Mozambicans Ask: Will the United Arab Emirates Enforce UNCAC?

The United Arab Emirates faces the first serious test of its commitment the United Nations Convention Against Corruption.  Will it open a case against long-time resident Jean Boustani, who the U.S. Justice Department says masterminded the bribery scheme that robbed the people of Mozambique of some $2 billion.  The “Mozambican hidden debt” scandal pitched the nation into a deep recession, depriving thousands of basic necessities and leaving government without the resources to respond to Cyclone Idai

In its latest submission in its case against Boustani, the Justice Department reveals that much of the bribery scheme was carried out in the UAE. Boustani helped one co-conspirator open an account in a UAE bank to stash bribes, facilitated the travel of others to the UAE to further the bribery scheme, and secured UAE employment permits for three under false pretenses.  Each permit, says the Justice Department, “falsely stated that the [accomplices] professions were ‘petrol engine mechanic,’ ‘diesel engine mechanic,’ and ‘hydraulic mechanic.’”  In fact, the Justice Department told the court in its filing, “all three were members of the conspiracy who would receive millions of dollars of bribes and kickbacks for their roles in the scheme.”

The Justice Department’s charges against Boustani and accomplices are here. To view the Justice Department filing describing Boustani’s alleged violations of UAE law, click on DoJ Boustani filing .  To view the e-mails and other documents that support the Department’s narrative, click on evidence of UAE offenses.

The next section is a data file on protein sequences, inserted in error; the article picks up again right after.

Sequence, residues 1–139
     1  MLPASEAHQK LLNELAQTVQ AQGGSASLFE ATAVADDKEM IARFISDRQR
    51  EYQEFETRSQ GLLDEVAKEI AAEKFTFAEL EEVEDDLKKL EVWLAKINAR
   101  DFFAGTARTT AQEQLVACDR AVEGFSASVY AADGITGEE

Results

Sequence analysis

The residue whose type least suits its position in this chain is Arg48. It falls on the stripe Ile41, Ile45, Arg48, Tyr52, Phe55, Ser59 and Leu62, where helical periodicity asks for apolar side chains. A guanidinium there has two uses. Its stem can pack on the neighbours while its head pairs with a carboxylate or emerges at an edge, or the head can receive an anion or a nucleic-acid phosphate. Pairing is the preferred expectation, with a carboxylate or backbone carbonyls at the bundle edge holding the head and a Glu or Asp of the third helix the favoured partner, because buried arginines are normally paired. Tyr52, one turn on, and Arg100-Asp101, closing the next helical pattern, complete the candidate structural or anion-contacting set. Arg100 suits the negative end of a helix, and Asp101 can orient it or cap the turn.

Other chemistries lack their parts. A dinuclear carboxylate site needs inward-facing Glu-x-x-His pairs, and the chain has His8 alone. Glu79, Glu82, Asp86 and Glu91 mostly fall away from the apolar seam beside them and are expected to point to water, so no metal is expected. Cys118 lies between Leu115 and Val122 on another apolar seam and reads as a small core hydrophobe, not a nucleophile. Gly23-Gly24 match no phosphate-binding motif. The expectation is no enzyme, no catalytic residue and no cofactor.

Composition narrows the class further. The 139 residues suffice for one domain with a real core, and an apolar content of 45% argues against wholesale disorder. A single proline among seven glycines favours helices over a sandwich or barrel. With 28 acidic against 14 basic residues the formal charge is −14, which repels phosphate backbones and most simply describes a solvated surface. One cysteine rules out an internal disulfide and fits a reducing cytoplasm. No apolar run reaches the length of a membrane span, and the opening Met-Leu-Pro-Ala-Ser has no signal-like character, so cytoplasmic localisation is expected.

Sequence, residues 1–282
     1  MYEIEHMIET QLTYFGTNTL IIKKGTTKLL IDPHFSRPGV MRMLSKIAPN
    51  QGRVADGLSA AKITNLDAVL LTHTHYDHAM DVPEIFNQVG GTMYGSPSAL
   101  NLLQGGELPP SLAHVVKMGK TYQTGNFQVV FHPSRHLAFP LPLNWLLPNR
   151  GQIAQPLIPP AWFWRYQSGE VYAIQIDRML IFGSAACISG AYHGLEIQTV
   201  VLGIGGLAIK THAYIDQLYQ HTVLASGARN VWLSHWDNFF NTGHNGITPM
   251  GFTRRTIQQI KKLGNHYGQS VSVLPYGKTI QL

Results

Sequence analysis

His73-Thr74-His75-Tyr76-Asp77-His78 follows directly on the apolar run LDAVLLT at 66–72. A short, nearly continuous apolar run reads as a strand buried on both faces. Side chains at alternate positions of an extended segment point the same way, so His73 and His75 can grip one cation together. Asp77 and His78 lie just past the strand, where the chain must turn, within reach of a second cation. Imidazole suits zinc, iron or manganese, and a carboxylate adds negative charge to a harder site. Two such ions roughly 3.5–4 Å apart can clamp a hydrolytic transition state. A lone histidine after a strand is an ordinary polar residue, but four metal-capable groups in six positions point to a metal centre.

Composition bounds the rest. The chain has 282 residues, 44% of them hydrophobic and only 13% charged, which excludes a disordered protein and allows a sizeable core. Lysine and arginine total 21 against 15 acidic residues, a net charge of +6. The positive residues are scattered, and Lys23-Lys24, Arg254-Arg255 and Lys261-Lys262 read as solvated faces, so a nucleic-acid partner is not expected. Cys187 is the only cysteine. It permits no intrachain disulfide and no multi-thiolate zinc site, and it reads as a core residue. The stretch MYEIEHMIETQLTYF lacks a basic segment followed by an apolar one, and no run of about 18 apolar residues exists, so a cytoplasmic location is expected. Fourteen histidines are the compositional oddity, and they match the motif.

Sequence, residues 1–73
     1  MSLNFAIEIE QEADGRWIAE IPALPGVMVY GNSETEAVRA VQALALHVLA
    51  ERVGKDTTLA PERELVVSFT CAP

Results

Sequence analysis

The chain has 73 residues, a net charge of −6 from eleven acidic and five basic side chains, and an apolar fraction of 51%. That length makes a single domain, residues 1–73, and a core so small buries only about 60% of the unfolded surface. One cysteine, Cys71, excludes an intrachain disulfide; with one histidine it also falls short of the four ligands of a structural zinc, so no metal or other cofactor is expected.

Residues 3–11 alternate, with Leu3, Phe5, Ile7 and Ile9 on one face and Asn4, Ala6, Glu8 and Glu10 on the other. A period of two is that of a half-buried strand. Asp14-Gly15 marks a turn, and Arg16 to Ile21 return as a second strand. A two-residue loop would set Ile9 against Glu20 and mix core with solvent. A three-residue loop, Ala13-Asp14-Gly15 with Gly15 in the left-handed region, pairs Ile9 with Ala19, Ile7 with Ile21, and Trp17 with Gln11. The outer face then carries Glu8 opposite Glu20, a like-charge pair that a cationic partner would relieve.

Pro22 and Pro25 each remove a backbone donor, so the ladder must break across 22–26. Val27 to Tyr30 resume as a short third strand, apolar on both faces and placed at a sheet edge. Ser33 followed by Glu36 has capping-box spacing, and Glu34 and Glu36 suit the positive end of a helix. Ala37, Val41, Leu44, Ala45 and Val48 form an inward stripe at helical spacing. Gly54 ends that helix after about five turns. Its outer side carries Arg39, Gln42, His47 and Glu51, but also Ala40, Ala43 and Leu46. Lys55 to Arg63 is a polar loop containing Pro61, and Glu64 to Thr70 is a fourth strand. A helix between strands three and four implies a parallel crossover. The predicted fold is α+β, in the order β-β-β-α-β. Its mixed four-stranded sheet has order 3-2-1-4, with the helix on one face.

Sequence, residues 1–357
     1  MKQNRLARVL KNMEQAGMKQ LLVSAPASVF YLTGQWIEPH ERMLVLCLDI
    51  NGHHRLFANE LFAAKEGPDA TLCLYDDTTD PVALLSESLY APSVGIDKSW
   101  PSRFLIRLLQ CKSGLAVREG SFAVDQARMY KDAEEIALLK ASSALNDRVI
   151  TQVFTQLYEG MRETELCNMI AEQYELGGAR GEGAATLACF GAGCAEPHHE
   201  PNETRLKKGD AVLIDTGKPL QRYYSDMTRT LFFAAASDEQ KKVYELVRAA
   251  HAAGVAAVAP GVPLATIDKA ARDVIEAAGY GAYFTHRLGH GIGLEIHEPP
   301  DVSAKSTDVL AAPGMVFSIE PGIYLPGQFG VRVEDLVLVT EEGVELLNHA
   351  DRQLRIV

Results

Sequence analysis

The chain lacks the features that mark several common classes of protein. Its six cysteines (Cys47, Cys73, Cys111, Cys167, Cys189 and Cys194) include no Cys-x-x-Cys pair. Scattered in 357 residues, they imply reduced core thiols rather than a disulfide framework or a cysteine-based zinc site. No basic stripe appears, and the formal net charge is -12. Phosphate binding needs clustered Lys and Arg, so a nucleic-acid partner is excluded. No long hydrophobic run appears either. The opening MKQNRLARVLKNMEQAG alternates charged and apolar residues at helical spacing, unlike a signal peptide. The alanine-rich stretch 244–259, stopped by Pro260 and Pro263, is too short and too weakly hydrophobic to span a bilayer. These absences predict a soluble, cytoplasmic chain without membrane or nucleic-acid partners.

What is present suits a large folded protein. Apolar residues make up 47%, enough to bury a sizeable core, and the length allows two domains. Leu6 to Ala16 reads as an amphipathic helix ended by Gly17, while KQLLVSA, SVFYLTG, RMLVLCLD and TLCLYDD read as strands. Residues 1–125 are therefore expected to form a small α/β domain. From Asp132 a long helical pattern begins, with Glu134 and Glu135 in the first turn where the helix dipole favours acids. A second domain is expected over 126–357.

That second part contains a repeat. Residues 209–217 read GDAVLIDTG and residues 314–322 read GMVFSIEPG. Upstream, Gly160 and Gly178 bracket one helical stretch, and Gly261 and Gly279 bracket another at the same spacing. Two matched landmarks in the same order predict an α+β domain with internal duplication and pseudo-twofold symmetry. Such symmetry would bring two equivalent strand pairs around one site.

Mozambican citizens have suffered a terrible wrong, one which UNCAC is meant to right.  Will UAE authorities do their part to help right that wrong?  Will the UAE live up to its obligations under the UNODC to prosecute those who pay bribes? Those who flagrantly violate other of its laws as part of a bribery scheme?

Guest Post: Global Forum or Global Farce on Asset Recovery?

GAB is delighted to welcome back Susan Hawley, Policy Director at Corruption Watch, to contribute today’s guest post:

The global record on recovering assets looted from public treasuries is not good. The World Bank and UNODC estimate that between $20-40 billion is stolen each year. Between 2006 and 2012, $2.6 billion stolen assets were frozen in so-called “destination” countries, and $423.5 million was returned. That means of the roughly $120 billion (taking the lowest end of the World Bank and UNODC’s estimate) thought to have been potentially looted globally in that 6 year period, only 0.3% was actually recovered.

To strengthen international efforts to combat this problem, the 2016 London Anti-Corruption Summit called for the creation of a Global Forum on Asset Recovery (GFAR); the World Bank and UNODC’s Stolen Asset Recovery Initiative organized the inaugural Global Forum on Asset Recovery (GFAR), in December 2017 in Washington, D.C., with the US and UK governments as co-hosts. The GFAR, which welcomed over 300 participants from 26 jurisdictions, focused on four countries: Nigeria, (thought to have to have lost $32 billion to corruption under previous President Goodluck Jonathan); Sri Lanka (where former President Rajapaksa allegedly stole up to $5.38 billion); Tunisia (where former ruler Ben Ali and his family are thought to have amassed wealth of over $13 billion); and Ukraine (where former president Yanukovych and his associates are thought to have stolen around $7.5 billion). These countries were selected for their political will to recover stolen assets and the considerable assets they have to recover.